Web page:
Age of Empires:
Art of the Qin and Han Dynasties, 221 BC-AD 220
Asian Art and History: Fabulous Wonders of China
Artis—Naples Lifelong Learning
Dr. Jason Sun, Brooke Russell Astor Curator of Chinese Art in the Department of Asian Art of the Metropolitan Museum of Art, New York
Excavations at Lintong, east of the modern city of Xi’an, have been ongoing for 30 years, as archaeologists work to uncover the mausoleum complex of the first emperor of Qin. Encircled by two sets of walls the complex lies beneath an artificial earth mound and occupies an area of about 7,200 by 3,200 feet. In addition to the emperor’s tomb, it includes remnants of aboveground reception halls and numerous burial pits. These pits contain chariots and the remains of sacrificed horses; life-size terracotta figures of court attendants; musicians and acrobats; and most impressive of all, an army of more than 7,000 terracotta soldiers in battle formation. Historical records indicate that this enormous enterprise required the labor of 700,000 men and decades to complete.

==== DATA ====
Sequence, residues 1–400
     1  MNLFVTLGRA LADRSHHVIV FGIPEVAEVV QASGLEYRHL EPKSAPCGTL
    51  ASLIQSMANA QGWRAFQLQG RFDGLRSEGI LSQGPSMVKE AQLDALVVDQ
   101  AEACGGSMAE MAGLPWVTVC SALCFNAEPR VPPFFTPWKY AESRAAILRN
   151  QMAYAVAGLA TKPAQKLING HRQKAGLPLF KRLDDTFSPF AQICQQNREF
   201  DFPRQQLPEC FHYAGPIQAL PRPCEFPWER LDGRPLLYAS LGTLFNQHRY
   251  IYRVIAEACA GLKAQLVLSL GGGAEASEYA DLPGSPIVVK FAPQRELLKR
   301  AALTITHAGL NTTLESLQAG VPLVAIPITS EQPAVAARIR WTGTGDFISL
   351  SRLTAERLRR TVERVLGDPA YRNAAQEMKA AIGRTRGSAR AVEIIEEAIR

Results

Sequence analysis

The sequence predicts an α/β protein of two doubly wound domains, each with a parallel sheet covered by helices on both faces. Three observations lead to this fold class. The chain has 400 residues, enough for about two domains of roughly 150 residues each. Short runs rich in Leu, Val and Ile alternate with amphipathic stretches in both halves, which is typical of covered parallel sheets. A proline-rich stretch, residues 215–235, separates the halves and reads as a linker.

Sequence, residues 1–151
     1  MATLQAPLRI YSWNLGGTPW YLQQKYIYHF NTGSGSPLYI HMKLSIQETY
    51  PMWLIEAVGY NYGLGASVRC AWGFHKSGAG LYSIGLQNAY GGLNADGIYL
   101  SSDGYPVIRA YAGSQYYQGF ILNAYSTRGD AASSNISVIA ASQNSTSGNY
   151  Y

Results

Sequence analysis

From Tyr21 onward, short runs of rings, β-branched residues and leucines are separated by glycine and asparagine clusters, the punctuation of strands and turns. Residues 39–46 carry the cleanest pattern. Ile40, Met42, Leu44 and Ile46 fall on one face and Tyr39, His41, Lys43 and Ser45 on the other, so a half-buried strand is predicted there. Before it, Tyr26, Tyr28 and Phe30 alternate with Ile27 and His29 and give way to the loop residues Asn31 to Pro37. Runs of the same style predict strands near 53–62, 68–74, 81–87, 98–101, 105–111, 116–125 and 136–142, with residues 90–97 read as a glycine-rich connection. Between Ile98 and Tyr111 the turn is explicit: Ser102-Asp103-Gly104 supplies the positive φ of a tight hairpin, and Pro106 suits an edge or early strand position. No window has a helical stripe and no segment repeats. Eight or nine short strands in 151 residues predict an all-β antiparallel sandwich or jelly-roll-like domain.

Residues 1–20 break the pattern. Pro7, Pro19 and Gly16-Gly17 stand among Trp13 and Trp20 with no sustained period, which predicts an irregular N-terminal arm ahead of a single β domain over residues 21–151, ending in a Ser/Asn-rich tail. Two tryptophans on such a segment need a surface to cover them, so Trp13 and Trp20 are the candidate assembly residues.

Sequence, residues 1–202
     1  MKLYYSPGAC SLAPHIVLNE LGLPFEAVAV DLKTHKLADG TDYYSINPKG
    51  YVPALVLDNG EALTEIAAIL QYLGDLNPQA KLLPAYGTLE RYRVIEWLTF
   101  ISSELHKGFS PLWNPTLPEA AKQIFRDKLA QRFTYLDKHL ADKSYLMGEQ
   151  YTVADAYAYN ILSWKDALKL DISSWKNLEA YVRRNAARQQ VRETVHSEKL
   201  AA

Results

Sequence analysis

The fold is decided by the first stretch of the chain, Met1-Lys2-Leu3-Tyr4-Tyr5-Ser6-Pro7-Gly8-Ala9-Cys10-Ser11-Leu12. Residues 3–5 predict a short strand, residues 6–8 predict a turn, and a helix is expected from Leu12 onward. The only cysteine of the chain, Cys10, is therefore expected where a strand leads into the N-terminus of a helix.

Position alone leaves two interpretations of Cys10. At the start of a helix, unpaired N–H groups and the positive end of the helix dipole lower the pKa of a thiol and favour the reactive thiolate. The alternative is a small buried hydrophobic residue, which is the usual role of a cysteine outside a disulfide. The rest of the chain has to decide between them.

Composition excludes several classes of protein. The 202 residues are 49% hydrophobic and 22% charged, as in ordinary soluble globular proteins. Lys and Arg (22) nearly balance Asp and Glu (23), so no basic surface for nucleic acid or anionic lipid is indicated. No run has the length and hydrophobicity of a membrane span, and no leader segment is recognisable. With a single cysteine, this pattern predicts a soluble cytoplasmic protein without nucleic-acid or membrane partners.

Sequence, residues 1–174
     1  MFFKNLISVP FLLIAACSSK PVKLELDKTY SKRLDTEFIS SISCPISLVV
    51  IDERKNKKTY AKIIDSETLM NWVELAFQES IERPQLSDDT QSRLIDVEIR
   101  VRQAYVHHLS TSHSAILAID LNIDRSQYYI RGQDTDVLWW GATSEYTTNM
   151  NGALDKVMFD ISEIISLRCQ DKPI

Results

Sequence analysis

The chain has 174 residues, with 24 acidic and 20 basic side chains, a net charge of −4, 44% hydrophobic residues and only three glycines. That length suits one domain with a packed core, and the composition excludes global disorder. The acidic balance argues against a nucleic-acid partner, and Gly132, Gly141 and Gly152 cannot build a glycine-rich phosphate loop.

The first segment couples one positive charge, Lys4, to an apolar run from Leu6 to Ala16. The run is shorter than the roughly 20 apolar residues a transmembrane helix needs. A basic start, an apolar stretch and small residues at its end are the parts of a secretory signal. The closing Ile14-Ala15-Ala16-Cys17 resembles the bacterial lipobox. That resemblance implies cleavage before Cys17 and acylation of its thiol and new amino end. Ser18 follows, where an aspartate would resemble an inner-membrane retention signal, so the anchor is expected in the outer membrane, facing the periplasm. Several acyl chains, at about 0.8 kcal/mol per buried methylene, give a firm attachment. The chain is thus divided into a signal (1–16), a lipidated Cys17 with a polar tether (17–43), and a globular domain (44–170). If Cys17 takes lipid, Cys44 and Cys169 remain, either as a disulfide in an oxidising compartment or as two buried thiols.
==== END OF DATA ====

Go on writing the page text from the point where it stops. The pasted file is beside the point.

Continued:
Admission includes lunch and a discussion with the lecturer immediately following the lecture. This presentation is part of the Asian Art and History lecture series.